Many camps have become more intentional about incorporating Jewish learning, Shabbat and Israel into their programming. They’ve also evolved to meet families’ changing expectations and demands: offering a wider range of choices of all kinds (from food to activity to session length); providing more frequent updates and communications to parents; accommodating numerous medical requirements and allergies;and placing greater emphasis on safety and security.
At the same time, the Jewish camping field is becoming more professionalized. The job of camp director has been shifting from a seasonal gig to year-round career, and counselors are receiving more intensive training.
With all this change in the Jewish camp world, here are 10 specific trends we have noticed:
1) Shorter sessions: Once upon a time, summer camp meant the entire summer, with the majority of campers attending for seven, eight or even 10 weeks. Now it is the rare child or teen who spends the full summer at camp (or at one camp), and most programs offer multiple sessions, ranging in length from just six days to seven weeks. “Our three-week session has always sold out more quickly than the four-week, and our new two-week session has been a quick hit as well,” said Vivian Stadlin, co-director of Eden Village Camp in Putnam Valley, N.Y.
2) Specialized programs: Whether a child’s passion is sports, the environment, outdoor adventure or science and technology, there’s a Jewish camp for that. An incubator under the auspices of the Foundation for Jewish Camp spurred the creation of five specialty camps in 2010 (including Eden Village, which is focused on the environment) and another four that will open this summer. The idea is to attract kids who might not otherwise consider a Jewish camp and to show them they can combine their passion with Judaism. Increasingly, established general-interest Jewish camps are adding specialty tracks and electives. For example, the New Jersey Y camps offer a science program and various sports programs, while Ramah in the Poconos has run basketball clinics and a tennis academy.
3) Healthier food: Serving healthy, locally sourced food is a part of the mission of some specialty camps like the new health-and-wellness-focused Camp Zeke and was a component of Ramah Outdoor Adventure from its beginnings in 2010. In addition, many established Jewish camps have been redoing their menus to make them more nutritious and environmentally friendly: adding salad bars, replacing “bug juice” with water, offering more vegetarian fare and even planting their own organic vegetable gardens.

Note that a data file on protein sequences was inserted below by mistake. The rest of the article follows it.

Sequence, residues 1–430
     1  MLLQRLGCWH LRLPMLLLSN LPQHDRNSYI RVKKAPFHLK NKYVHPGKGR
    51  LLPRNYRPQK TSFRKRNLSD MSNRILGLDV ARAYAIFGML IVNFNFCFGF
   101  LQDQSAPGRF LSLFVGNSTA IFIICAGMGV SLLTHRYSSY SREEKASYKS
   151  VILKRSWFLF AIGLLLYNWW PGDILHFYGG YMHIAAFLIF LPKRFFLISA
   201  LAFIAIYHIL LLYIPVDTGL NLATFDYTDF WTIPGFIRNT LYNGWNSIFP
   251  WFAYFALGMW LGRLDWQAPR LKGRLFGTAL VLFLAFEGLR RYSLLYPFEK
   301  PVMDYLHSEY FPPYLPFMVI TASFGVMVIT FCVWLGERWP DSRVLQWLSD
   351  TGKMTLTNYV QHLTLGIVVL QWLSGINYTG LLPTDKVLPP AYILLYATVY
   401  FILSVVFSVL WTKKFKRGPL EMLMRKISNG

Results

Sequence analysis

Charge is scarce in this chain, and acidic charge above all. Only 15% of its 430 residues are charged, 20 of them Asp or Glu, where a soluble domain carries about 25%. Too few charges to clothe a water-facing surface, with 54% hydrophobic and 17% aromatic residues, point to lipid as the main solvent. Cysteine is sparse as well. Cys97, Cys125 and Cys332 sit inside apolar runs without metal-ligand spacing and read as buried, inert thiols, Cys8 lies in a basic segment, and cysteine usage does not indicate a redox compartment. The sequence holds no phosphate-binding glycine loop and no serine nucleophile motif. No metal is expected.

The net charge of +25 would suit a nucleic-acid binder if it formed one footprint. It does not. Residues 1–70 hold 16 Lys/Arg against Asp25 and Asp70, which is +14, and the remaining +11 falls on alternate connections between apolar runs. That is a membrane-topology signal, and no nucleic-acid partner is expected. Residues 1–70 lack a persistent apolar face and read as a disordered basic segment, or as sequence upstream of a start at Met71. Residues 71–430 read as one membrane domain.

4) More affordable options: The Foundation for Jewish Camp recently introduced a new program called BunkConnect that enables first-time campers from middle- and lower-income families to search for a variety of discounted Jewish summer camp options. While BunkConnect is currently only available in the Northeast, New England and Mid-Atlantic regions of the United States, the foundation hopes to expand it in future years. In addition, most Jewish overnight camps offer financial aid and the One Happy Camper Program, initiated in 2006, offers grants for all first-time campers regardless of need. So far 50,000 children have received One Happy Camper grants.
5) Broadening definition of camp: While rural settings and rustic accommodations are still the norm, two specialty camps — the Union for Reform Judaism’s Six Points Sports Academy and Six Points Science & Technology — are located on boarding school campuses, and another, the 92nd Street Y’s Passport NYC, is in the middle of Manhattan. Passport NYC, in which participants do internships and live in air-conditioned dorms, and Six Points Science blur the boundary between “camp” and “summer program,” while programs like USY on Wheels and Adamah Adventures, which operate under the Foundation for Jewish Camp’s umbrella, blur the boundary between “camp” and “teen travel.”
Read the rest of this feature on JTA.
Judaism has been a part of my life since I was born. My mother snuck Shabbat candles into the hospital in preparation for my birth and I was born on Shabbos afternoon surrounded by my family and future friends, all welcoming Shabbat and my existence. As a child, I was raised primarily by my Jewish, African-American mother, Denise. I am honored to say that she converted to this amazing religion and that I am 100% Jewish.
As soon as I turned five, she signed me up for Hebrew school. For seven years, I studied the Hebrew alphabet and dozens of prayers. By the time my Bat Mitzvah rolled around last year, I had memorized every prayer I had studied, but I was nervous. So I used my Bat Mitzvah folder as a memory tool and looking down helped avoid the stares of the 200 guests! Continue reading here>>